(Bloomberg) -- China is on the cusp of lifting an almost three-year grounding of Boeing Co.’s 737 Max, after the nation’s civil aviation body on Thursday issued an airworthiness directive for the single-aisle workhorse. The planemaker’s shares climbed.

The notice, posted on the website of the Civil Aviation Administration of China, removes the last safety related obstacle to bringing the Max back, and outlines steps airlines must take to begin flying it again. 

“After conducting sufficient assessment, CAAC considers the corrective actions are adequate to address this unsafe condition,” the agency said.

A return in the world’s second-busiest aviation market would pave the way for a planned ramp-up in 737 Max production to at least 31 planes a month early next year from 19 today. A significant number of the 370 completed Max aircraft in Boeing’s inventory are earmarked for China and clearing them out over the next two years is key to bringing in cash and raising output further. 

“That’s good news,” Olivier Andries, chief executive officer of French engine maker Safran SA, said at a Paris press conference in response to China’s move. “We can expect a ramp-up at Boeing.”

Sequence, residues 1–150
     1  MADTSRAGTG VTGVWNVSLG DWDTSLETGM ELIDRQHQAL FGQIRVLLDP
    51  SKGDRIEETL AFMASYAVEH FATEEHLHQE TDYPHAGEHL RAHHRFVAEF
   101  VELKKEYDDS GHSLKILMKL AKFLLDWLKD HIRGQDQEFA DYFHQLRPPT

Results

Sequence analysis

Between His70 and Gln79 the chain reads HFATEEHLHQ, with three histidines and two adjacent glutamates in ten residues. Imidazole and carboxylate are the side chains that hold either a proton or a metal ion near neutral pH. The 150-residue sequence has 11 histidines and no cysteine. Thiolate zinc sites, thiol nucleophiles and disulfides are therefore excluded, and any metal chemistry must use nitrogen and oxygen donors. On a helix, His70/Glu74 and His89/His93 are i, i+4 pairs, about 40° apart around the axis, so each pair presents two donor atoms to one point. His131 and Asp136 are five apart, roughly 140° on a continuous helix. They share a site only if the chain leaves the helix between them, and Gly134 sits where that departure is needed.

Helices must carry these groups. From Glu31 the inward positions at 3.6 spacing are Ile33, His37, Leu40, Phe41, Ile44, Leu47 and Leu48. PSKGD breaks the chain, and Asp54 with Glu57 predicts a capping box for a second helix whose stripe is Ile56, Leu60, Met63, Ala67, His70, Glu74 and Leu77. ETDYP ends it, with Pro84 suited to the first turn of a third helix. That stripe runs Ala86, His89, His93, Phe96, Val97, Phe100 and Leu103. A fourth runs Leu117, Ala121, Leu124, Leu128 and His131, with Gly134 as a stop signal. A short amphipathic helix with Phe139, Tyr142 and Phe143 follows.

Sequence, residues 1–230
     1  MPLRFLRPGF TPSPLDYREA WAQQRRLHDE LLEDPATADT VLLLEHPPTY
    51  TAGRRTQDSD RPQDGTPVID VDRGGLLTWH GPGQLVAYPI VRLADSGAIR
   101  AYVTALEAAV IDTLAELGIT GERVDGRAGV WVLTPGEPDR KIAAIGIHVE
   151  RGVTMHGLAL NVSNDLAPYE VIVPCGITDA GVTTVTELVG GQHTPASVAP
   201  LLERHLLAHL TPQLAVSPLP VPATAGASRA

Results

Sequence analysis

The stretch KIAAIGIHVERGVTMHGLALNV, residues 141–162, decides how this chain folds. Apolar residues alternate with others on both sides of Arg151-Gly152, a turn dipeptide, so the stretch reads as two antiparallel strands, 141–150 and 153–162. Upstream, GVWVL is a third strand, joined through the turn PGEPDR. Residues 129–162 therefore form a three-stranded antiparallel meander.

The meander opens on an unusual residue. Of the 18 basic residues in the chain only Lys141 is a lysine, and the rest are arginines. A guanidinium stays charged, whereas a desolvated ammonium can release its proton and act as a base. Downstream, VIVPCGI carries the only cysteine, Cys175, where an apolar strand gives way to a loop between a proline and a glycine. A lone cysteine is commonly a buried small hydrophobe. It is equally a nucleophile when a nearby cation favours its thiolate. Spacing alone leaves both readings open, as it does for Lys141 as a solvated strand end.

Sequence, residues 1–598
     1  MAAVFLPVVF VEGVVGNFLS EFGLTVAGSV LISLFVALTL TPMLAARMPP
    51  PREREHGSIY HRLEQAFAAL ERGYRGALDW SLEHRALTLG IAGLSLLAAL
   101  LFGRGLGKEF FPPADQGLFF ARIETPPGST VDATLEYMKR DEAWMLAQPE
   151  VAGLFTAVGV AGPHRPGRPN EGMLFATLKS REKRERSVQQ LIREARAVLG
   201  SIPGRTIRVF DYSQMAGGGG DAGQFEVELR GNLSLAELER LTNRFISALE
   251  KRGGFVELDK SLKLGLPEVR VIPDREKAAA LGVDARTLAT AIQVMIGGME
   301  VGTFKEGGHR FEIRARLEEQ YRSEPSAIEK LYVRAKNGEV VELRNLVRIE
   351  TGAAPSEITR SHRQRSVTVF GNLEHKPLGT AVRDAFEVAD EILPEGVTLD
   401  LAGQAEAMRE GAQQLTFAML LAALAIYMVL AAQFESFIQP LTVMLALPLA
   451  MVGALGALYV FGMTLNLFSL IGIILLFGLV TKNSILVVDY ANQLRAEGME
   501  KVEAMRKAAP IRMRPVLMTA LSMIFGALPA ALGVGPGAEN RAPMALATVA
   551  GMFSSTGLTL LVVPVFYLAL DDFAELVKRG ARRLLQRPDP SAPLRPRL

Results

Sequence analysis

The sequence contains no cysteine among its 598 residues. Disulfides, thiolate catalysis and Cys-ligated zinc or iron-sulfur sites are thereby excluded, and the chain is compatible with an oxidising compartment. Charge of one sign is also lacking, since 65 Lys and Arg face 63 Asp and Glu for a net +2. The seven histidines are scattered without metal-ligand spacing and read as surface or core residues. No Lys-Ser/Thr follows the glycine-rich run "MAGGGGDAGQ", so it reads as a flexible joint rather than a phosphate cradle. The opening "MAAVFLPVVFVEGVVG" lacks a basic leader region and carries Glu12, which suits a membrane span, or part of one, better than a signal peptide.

Boeing rose 3.7% to $195.18 at 9:47 a.m. Thursday in New York, retracing much of its drop in a broad rout Wednesday after the omicron coronavirus variant was detected in the U.S. The company’s shares were down 12% this year through Wednesday.

Safran said it is preparing for Boeing to lift monthly output to about 50 of the single-aisle jets in 2023. Based on figures from Boeing’s website, China accounted for about 20% of Max deliveries before the global ban that began in 2019 following two deadly crashes. 

Read more: Boeing Engine Supplier Sees 737 Max Output at 50 a Month by 2023

The airworthiness directive marks an “important milestone toward safely returning the 737 Max to service in China,” a Boeing representative said by email. The company continues to work with regulators and customers to restart flying, the company said.

China was the first country to ground the Max, in March 2019, following the two crashes and had held off approving its return long after the U.S. regulator lifted its ban in late 2020. Europe and others followed in subsequent months. India took a little longer before eventually giving the jet the green light to fly again in August while South Korea lifted its ban last month.

Chicago-based Boeing and U.S. Federal Aviation Administration officials traveled to China in July and a Max jet was flown to the nation in early August for a test flight in the skies over Shanghai later that month.

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In an Oct. 27 earnings call, Boeing CEO Dave Calhoun repeated his expectation that the Max would be cleared to fly in China this year and that deliveries would resume in the first quarter of 2022.

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